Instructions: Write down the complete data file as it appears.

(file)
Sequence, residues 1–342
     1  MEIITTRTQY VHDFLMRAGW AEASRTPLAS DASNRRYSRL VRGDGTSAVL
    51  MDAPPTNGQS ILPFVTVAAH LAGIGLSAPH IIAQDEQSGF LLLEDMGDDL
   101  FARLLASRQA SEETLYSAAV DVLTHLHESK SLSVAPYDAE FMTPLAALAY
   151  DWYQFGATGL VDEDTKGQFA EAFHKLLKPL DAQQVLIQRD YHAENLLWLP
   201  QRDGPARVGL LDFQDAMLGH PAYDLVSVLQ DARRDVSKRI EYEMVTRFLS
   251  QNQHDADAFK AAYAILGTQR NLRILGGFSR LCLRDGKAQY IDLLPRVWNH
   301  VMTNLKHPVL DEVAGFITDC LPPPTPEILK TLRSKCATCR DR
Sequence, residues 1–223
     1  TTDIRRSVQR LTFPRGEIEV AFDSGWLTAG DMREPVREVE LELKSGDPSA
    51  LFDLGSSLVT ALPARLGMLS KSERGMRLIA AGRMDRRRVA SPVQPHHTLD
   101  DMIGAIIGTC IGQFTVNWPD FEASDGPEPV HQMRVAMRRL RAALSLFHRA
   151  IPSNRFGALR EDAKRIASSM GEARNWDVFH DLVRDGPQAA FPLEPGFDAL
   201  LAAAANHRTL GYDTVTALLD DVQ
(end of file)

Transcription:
Sequence, residues 1–342
     1  MEIITTRTQY VHDFLMRAGW AEASRTPLAS DASNRRYSRL VRGDGTSAVL
    51  MDAPPTNGQS ILPFVTVAAH LAGIGLSAPH IIAQDEQSGF LLLEDMGDDL
   101  FARLLASRQA SEETLYSAAV DVLTHLHESK SLSVAPYDAE FMTPLAALAY
   151  DWYQFGATGL VDEDTKGQFA EAFHKLLKPL DAQQVLIQRD YHAENLLWLP
   201  QRDGPARVGL LDFQDAMLGH PAYDLVSVLQ DARRDVSKRI EYEMVTRFLS
   251  QNQHDADAFK AAYAILGTQR NLRILGGFSR LCLRDGKAQY IDLLPRVWNH
   301  VMTNLKHPVL DEVAGFITDC LPPPTPEILK TLRSKCATCR DR
Sequence, residues 1–223
     1  TTDIRRSVQR LTFPRGEIEV AFDSGWLTAG DMREPVREVE LELKSGDPSA
    51  LFDLGSSLVT ALPARLGMLS KSERGMRLIA AGRMDRRRVA SPVQPHHTLD
   101  DMIGAIIGTC IGQFTVNWPD FEASDGPEPV HQMRVAMRRL RAALSLFHRA
   151  IPSNRFGALR EDAKRIASSM GEARNWDVFH DLVRDGPQAA FPLEPGFDAL
   201  LAAAANHRTL GYDTVTALLD DVQ